Business makes last ditch effort to persuade Government to drop sweeping industrial relations reforms

This country’s main voice of business says the Government has turned a deaf ear to the concerns of employers in a dispute over sweeping new employment relations policy. And it is speaking up in an apparent last-ditch effort to revise the plan before legislation reaches the House.

BusinessNZ on Wednesday wrote to Workplace Relations Minister Michael Wood and reiterated its call for further work on a “smarter and fairer” solution to labour market reform.

It is the second disgruntled letter BusinessNZ has sent to the minister in recent months. Despite that, Fair Pay Agreement legislation is slated for introduction in the House within the next few weeks, the Ministry of Business, Innovation and Employment (MBIE) has confirmed.

In the latest letter to the minister, Kirk Hope, CEO of BusinessNZ, outlined “deep concerns” with the “out-of-touch and out-of-date scheme” and the damaging effect it will have on both the country’s employers and employees.

It follows a December letter, in which Hope informed Wood that his group would withdraw from the Government’s “tripartite” approach (business, labour and government) to establishing Fair Pay Agreements (FPA).

The Government’s original plan, outlined last year, assumed a key role for BusinessNZ, as the default negotiator for employers in sectors without a dedicated industry body. The role would have come with annual public funding of $250,000.

Wood said he has met with BusinessNZ since receiving its letter last December, and that “agencies continue to engage with key stakeholders, including BusinessNZ”.

FPAs were a Labour Party manifesto commitment in 2017 and 2020, and Wood noted they have been campaigned on.

He said that BusinessNZ has “consistently made clear that they oppose Fair Pay Agreements from early in the process … [and] the specific part of the system that BusinessNZ has said they will not engage with is a fairly small aspect of the framework and will not have a major impact”.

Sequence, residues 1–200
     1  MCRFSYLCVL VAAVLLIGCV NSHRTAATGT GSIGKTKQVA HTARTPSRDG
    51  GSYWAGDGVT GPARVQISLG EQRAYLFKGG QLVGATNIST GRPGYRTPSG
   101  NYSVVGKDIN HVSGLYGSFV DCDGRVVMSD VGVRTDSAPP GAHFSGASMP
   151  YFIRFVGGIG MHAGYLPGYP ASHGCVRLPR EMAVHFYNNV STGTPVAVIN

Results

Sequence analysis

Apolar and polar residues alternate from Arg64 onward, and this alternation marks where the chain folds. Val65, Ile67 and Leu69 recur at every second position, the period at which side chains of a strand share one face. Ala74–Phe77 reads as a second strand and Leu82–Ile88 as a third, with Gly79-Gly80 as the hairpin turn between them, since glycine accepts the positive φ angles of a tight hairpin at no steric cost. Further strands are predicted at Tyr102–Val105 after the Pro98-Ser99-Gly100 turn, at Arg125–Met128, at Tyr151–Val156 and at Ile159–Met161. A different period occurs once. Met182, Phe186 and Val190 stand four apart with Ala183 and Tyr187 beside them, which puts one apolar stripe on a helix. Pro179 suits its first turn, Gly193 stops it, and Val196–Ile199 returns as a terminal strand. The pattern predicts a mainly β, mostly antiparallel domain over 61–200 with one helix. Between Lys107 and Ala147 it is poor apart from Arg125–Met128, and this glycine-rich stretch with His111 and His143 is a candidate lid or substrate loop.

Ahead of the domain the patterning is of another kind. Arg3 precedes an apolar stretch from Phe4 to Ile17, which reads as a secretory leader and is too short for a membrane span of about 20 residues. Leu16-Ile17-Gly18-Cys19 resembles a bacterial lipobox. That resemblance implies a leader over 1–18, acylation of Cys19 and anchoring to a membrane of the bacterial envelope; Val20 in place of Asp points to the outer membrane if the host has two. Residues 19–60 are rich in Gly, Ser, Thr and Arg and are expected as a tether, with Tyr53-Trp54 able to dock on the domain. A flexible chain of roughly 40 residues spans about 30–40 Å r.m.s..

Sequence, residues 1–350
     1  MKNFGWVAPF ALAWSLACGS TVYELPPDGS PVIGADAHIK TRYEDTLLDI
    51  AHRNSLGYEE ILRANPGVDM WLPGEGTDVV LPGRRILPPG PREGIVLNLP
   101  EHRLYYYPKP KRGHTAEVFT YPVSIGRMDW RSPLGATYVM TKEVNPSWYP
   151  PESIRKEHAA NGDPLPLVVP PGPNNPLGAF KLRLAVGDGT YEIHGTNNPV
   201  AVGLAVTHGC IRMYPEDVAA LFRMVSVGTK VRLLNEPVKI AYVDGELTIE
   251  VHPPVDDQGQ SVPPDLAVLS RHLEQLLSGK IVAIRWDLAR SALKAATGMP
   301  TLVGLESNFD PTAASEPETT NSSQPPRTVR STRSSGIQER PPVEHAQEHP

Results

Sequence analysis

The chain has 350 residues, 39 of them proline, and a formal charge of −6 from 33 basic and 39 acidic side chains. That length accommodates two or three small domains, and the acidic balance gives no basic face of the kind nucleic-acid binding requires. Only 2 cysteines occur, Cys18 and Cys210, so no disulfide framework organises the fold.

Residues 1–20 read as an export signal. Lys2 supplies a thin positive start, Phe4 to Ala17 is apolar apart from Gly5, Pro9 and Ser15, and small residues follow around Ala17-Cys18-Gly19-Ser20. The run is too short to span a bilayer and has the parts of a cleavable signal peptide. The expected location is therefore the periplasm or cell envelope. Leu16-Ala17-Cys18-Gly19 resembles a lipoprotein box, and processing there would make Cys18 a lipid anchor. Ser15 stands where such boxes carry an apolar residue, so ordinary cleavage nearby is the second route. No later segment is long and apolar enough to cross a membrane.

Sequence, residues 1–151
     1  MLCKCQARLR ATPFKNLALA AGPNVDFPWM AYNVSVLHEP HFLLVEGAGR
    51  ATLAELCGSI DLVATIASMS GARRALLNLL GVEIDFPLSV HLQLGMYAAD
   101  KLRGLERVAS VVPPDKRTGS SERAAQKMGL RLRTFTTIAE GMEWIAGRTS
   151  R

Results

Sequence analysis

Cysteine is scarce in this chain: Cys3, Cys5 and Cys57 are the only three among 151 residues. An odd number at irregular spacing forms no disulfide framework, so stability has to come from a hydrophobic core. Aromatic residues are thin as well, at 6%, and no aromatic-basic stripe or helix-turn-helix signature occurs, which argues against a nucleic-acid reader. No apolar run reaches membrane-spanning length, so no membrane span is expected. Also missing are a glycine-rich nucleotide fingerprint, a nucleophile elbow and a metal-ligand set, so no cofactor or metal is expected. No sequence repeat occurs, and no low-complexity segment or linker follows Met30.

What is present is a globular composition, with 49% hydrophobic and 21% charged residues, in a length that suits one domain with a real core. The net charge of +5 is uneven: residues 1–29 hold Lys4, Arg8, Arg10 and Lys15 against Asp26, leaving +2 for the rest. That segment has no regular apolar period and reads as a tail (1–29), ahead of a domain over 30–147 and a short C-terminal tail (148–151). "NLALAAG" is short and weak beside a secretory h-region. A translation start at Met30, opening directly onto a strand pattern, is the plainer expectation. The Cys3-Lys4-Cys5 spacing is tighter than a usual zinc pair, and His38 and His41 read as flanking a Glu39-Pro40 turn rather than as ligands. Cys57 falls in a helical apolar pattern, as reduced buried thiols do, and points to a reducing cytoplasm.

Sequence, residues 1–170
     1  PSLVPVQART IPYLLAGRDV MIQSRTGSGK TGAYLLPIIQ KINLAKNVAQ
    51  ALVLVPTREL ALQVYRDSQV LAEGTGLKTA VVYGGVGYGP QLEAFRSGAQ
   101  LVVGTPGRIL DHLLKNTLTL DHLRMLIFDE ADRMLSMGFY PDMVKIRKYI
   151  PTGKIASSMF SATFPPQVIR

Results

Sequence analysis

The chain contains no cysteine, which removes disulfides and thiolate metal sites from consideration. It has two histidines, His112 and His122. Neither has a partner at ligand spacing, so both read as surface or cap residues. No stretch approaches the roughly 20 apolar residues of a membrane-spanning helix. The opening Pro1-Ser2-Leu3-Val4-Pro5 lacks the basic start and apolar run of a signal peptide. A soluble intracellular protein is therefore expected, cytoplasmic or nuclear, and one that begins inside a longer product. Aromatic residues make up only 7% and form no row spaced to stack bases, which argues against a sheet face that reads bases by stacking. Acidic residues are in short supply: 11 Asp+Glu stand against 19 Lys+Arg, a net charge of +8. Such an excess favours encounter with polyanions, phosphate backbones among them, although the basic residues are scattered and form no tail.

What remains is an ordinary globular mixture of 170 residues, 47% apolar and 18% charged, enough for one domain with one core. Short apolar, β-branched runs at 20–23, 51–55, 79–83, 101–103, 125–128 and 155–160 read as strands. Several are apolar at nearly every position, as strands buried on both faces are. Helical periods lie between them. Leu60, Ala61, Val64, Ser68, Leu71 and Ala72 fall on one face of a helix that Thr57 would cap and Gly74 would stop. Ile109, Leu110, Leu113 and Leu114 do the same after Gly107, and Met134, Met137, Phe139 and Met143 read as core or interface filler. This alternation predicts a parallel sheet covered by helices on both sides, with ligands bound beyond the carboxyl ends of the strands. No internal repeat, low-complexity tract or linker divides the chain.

Wood reiterated that in the “vast majority of cases” he expects that employer groups in each sector will bargain themselves.

Under the proposed Fair Pay model, unions and employers would bargain to set minimum pay, terms and conditions for workers across any sector or occupation.

Unionisation in the sector would not be a necessary precursor and the mandatory negotiation of such agreements would be triggered by the approval of 10 per cent of workers in a given occupation or sector, or 1000 workers, whichever threshold was reached first.

The New Zealand Council of Trade Unions (CTU) is strongly in favour of the plan which it says will lift wages, especially for workers on very low pay; under the plan, the union would be paid to act as a negotiator for employees.

In an interview, Hope said he’s fielded a wave of concern from employers who already face mounting pressure from “runaway inflation, labour shortages … supply chain issues and the Omicron response”.

He’s asking the Government to pause and rethink its approach to industrial relations, and to choose a path of reform already favoured by its own officials.

Officials at MBIE have indicated that FPAs are not the department’s preferred solution to improving worker pay and conditions.

In a regulatory impact statement on FPAs the department noted its preferred approach to improving employment standards is to “empower a government body” to introduce a limited set of sector-based minimum standards, where it establishes there is a labour market problem.

It also favoured strengthening existing collective bargaining mechanisms to improve employee bargaining power.

In contrast, MBIE said the plan for FPAs is “not well targeted. This means the proposed system may create significant labour market inflexibility and costs when it is used in sectors without a demonstrable labour market issue.”

Wood has frequently highlighted the plight of low-paid workers, like “bus drivers, supermarket workers, and cleaners” who have helped New Zealand through the Covid-19 pandemic.But MBIE’s advice is to target such sectors and occupations specifically rather than apply a scattershot remedy.

Hope also noted that the current course is all the more baffling in light of both Covid-related disruptions to the workforce and chronic labour shortages that highlight the importance of labour market flexibility.

Erling Rasmussen, a professor of work and employment at AUT, said the plan for FPAs will help form a suite of new labour market policies and approaches ushered in by the Labour Party since 2017 (including large annual increases to the minimum wage). Taken as a whole, he said, the programme of change is the most radical since the Employment Contracts Act of 1991.

Paul Goldsmith, National’s workplace relations spokesperson, said “the foundation for New Zealand’s moderate economic success is labour market flexibility” and FPAs would take employment relations “in the wrong direction”. Given the opportunity to form a government, Goldsmith said, National would repeal FPA legislation.

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